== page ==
Episode 13 – Pipes of Peace

Paul McCartney and George Martin follow up the smash success of Tug of War with a sequel in the also successful, if overlooked, Pipes of Peace. Denny has flown the coop, Michael Jackson shows up for a couple tracks, Ringo is back on drums, and Eric Stewart turns in stellar performances. This is “English country music” from the 1980s. Highlights include “Keep Under Cover,” “Say Say Say,” and “Through Our Love.” This is a fun episode you will want to check out. Miss it? It’s not on.

Listen to the MP3 audio now (194.5 MB, 106:00)

Email us: takeitawaypodcast@gmail.com

Discussion includes:
“Pipes of Peace”
“Say Say Say”
“The Other Me”
“Keep Under Cover”
“So Bad”
“The Man”
“Sweetest Little Show”
“Average Person”
“Hey Hey”
“Tug of Peace”
“Through Our Love”
“Ode to a Koala Bear”
“Twice in a Lifetime”
“It’s Not On”
“Say Say Say (2015 Remix)”
“Christian Bop”
“Simple As That”
“Simple As That (Demo)”
“The Girl Is Mine”
“We All Stand Together”

3 Comments

  1. Regarding the video to Pipes of Peace, with the soldiers playing soccer. It it widely known in England (and probably much of Europe) that during the early part of World War I, British and German soldiers, facing each other in the trenches, realised they had no particular quarrel with each other. During Christmas 1914 (this was before America entered the war of course) in various places where troops were facing each other, they spontaneously emerged form the trenches and talked, and yes, played soccer. The officer class of course realised the danger of all this to their respective war efforts, and stamped it out – but it’s widely accepted that on Christmas morning, ordinary private soldiers from both sides made friends and played soccer against each other, as shown in Paul’s video. Look up “Christmas Truce” on WIkipedia. This might not make much sense in the US, where soccer (football) is not such a big part of social life, and Christmas 1914 has little direct relevance. But hey, there’s the story. Paul is depicting one of the many ordinary soldiers.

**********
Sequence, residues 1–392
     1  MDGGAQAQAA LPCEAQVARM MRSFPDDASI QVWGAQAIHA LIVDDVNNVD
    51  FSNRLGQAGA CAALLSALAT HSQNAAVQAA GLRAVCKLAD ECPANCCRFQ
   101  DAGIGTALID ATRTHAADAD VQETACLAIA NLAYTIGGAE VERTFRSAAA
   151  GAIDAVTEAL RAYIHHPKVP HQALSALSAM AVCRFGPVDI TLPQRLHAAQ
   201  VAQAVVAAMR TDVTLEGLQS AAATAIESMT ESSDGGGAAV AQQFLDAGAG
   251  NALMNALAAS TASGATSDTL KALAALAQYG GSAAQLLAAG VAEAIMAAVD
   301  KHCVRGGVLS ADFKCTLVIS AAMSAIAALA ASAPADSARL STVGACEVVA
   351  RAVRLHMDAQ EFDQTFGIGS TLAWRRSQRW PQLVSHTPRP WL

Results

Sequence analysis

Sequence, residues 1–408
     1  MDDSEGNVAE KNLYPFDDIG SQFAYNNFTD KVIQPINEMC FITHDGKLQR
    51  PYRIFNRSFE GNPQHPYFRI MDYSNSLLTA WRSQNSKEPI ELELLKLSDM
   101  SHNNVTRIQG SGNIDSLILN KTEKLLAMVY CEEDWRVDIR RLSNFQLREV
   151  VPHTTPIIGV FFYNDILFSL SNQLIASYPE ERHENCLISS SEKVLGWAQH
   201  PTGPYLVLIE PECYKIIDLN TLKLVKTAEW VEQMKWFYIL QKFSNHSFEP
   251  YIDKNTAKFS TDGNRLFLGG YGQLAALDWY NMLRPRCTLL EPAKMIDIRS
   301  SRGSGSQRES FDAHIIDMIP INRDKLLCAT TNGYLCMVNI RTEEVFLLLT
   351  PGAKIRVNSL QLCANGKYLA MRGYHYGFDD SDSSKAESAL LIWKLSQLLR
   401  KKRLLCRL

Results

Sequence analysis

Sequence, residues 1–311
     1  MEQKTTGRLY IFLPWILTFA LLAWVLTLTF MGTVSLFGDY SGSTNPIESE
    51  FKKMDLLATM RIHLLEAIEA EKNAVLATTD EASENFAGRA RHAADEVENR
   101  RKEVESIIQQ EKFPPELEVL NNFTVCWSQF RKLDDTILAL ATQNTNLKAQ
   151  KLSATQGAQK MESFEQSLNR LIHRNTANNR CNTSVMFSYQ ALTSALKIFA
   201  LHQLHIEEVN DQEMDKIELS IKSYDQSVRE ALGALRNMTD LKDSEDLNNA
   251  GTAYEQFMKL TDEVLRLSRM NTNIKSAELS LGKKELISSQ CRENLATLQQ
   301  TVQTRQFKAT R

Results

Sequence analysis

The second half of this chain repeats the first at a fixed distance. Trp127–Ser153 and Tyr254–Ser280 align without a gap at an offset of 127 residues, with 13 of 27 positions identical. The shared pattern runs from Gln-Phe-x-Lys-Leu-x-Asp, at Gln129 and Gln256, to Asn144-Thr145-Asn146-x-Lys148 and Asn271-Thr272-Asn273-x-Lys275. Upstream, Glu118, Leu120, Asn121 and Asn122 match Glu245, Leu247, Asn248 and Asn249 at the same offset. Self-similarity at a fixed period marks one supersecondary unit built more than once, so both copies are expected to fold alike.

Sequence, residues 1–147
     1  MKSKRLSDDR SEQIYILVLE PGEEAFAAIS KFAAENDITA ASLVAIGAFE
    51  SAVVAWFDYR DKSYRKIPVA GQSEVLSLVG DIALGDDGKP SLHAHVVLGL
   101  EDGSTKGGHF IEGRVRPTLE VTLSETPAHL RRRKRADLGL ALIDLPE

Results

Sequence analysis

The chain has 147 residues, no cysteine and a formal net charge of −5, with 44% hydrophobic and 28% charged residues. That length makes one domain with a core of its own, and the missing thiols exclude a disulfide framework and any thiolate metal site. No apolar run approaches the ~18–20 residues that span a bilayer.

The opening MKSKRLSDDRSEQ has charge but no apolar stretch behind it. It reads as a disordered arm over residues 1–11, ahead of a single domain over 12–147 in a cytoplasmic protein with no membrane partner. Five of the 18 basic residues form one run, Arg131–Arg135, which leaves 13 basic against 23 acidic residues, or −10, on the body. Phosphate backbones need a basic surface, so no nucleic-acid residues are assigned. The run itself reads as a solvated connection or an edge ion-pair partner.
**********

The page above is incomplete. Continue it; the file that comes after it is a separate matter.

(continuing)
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  2. I’ve just listened to this podcast today and loved it. A real treat down memory lane. It was my first McCartney record too back in 1983 (I was 10) when it came out. My brother taped it for me. I remember it playing daily for weeks. Especially loving the Sweetest Little Show/Average Person bit. So rythmic, dynamic and infactious. I also loved Through Our Love (goosebumps), the title track and Keep Under Cover (that guitar!). Like you I regretted that it had Hey Hey and Tug Of Peace on it. The were anoying songs. Tug Of Peace grow on me a bit (especially on the headphones). But I would have liked Ode To a Koala Beer or Simple As That (the anti drug song) on it in stead. So Bad and The Man were nice, but not really my thing. The Man was ‘too light’ for my ears and ‘So bad’ too corny… sorry. I loved ‘The Other Me’! His voice sounded so fantastic. Like nothing else. Weird and attractive the same time. I loved the album, but after I discovered Tug of War, it disappeared a bit. Later I made ‘the perfect’ Tug of war/Pipes of Peace synergy 😄. Best of both worlds. Anyway, I just wanted to share this with you. I enjoyed you commentaries, fact checking, background stories, relativating, fylosophies and you love for the man. All in All I still love the album.😊

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